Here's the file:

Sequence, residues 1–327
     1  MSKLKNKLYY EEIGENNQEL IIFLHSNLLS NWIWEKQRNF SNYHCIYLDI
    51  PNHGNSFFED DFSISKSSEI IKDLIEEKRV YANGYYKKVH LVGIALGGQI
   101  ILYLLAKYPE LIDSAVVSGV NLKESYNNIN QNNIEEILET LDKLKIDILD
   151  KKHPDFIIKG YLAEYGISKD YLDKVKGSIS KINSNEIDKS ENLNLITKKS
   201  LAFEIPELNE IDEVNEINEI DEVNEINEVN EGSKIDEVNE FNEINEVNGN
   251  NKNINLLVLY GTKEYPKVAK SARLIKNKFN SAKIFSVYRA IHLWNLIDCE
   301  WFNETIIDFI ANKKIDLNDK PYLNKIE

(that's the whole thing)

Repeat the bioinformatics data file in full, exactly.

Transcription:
Sequence, residues 1–327
     1  MSKLKNKLYY EEIGENNQEL IIFLHSNLLS NWIWEKQRNF SNYHCIYLDI
    51  PNHGNSFFED DFSISKSSEI IKDLIEEKRV YANGYYKKVH LVGIALGGQI
   101  ILYLLAKYPE LIDSAVVSGV NLKESYNNIN QNNIEEILET LDKLKIDILD
   151  KKHPDFIIKG YLAEYGISKD YLDKVKGSIS KINSNEIDKS ENLNLITKKS
   201  LAFEIPELNE IDEVNEINEI DEVNEINEVN EGSKIDEVNE FNEINEVNGN
   251  NKNINLLVLY GTKEYPKVAK SARLIKNKFN SAKIFSVYRA IHLWNLIDCE
   301  WFNETIIDFI ANKKIDLNDK PYLNKIE